Washington is bursting into fall color and one of the best ways to enjoy it is to hit the trail. Below are seven top spots to do just that according to our Washington State Department of Natural Resources recreation managers located throughout this great state.
Highpoint and West Tiger Mountain Trailhead
Don’t miss the maple trees along Bus and Nook trails and at the beginning of West Tiger No. 3.
West Tiger Mountain Natural Resources Conservation Area, just outside of Issaquah, is open to hikers and leashed dogs.
Rattlesnake Mountain Trailhead
Take the Rattlesnake Trail, as opposed to the much busier Rattlesnake Ridge trail, for maple trees at the beginning of hike followed by views of Rattlesnake Lake, Grand Prospect, and East Peak.
The trail is just outside of Snoqualmie and open to hikers and leashed dogs.
Whites Ridge Trailhead
South of Yakima, this ridgeline trail in the Ahtanum State Forest provides views of Mount Adams and the Yakima Valley.
The trail also takes you along creeks and through forested areas. It’s open to hikers, horses, and leashed dogs.
Buck Creek Trailheads
North of the town of White Salmon, the Buck Creek Trail loop ascends into valley, around peaks and along rivers with fall foliage and scenic views along the way.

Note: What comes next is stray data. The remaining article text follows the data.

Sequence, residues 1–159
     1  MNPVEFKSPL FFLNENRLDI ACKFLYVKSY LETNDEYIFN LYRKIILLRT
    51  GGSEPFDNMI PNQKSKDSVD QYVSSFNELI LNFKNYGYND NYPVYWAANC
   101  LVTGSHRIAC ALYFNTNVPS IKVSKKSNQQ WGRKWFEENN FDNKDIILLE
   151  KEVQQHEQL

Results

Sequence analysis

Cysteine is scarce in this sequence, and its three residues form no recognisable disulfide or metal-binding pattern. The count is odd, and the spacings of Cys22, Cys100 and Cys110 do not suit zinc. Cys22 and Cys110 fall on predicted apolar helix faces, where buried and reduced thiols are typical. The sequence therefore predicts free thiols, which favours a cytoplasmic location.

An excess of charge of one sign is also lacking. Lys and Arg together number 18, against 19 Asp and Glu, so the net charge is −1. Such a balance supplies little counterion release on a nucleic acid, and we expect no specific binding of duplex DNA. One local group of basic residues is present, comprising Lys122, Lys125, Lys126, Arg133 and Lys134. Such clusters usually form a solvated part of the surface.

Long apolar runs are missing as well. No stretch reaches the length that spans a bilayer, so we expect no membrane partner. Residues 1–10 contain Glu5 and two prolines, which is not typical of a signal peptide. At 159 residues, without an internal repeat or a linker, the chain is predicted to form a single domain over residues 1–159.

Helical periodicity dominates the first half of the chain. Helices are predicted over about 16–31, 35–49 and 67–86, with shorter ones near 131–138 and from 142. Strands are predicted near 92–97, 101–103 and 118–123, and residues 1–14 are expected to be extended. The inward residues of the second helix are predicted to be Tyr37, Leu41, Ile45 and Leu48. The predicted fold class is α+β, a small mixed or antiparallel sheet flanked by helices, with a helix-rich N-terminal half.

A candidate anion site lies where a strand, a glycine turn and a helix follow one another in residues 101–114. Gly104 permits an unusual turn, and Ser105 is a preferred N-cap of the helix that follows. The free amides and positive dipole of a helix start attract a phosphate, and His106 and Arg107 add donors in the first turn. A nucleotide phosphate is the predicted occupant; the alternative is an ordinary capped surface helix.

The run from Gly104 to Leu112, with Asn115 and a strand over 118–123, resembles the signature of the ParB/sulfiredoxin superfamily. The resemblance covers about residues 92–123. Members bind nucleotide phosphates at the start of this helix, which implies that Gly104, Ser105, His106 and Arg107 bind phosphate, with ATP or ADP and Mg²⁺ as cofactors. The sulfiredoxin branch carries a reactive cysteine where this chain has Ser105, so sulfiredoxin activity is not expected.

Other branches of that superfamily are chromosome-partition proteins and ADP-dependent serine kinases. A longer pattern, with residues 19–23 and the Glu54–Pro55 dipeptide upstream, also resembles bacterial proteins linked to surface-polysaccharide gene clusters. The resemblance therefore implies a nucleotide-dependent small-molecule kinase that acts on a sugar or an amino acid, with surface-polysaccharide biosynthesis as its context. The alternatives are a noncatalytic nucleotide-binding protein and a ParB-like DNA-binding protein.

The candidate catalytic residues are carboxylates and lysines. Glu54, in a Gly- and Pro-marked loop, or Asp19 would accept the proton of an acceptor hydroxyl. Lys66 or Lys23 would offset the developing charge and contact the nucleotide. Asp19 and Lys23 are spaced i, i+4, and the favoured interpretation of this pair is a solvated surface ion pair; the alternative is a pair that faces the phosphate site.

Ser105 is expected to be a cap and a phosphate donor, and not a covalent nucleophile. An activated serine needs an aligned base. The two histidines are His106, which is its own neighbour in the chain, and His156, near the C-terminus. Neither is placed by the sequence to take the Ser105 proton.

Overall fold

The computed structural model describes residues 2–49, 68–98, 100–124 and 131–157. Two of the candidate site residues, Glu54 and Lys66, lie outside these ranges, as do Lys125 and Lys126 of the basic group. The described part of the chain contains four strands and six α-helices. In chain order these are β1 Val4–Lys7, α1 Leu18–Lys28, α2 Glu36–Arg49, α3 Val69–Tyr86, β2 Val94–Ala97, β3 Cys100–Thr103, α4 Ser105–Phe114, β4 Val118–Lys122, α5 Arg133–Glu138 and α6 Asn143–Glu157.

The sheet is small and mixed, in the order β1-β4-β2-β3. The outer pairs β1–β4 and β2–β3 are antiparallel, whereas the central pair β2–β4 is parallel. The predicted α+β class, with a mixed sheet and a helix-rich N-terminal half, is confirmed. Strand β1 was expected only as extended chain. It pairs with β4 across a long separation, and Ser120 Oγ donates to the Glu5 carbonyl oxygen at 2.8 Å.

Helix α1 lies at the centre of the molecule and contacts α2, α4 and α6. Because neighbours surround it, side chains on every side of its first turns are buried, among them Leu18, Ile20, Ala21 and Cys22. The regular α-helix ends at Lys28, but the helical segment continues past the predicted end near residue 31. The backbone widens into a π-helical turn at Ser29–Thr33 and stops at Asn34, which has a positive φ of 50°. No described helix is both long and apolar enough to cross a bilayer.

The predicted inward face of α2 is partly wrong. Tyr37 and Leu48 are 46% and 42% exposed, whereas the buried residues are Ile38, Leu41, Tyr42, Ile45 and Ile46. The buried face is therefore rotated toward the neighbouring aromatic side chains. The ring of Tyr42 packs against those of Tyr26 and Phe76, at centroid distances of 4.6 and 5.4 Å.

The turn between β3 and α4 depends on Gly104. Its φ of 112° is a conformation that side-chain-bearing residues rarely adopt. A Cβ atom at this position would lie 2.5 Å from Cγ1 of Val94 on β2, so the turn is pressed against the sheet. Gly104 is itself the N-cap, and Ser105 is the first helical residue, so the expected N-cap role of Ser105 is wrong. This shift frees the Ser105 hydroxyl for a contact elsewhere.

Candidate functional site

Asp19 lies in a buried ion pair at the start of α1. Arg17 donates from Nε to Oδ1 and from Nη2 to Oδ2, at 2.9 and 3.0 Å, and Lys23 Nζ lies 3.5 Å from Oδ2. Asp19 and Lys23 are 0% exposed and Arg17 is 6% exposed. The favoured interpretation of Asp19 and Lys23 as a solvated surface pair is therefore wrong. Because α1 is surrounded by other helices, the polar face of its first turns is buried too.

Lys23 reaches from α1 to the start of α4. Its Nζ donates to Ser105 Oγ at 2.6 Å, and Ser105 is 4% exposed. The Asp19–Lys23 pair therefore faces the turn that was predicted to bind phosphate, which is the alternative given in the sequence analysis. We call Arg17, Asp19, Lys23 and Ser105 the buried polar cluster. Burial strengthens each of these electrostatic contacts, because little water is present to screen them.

It’s open to hikers, horses, leashed dogs, and mountain bikes.
Three Corner Rock
Head to the Yacolt Burn State Forest east of Vancouver for big views of Stebbins Creek Valley and the Washougal River awash in fall colors.
Hikers, horses, mountain bikes and leashed dogs are allowed.
Murdock Beach Day Use Area
If a stroll is more your style, the Murdock Beach shoreline, located on the Strait of Juan de Fuca, is lined by trees, many deciduous, and provides visitors with an added view of Vancouver Island.
Look for salmon this time of year. The trail is open to hikers and leashed dogs.
Blanchard Forest Upper Trailhead
Enter the Chuckanut Mountains near Bellingham for expansive views of the San Juan Islands combined with fall foliage.
Hikers, horses, mountain bikes, and leashed dogs are allowed.
When you go, don’t forget to bring your Discover Pass. It’s your gateway to exploring Washington’s great outdoors by providing access to DNR-managed lands, lands managed by the Washington Department of Fish and Wildlife, and State Parks.
The $30 annual pass may be purchased online, in select state parks, or in person at more than 600 vendor locations. When you buy the Discover Pass, you’re also helping to keep the state’s outdoor recreation sites open and accessible to the public.
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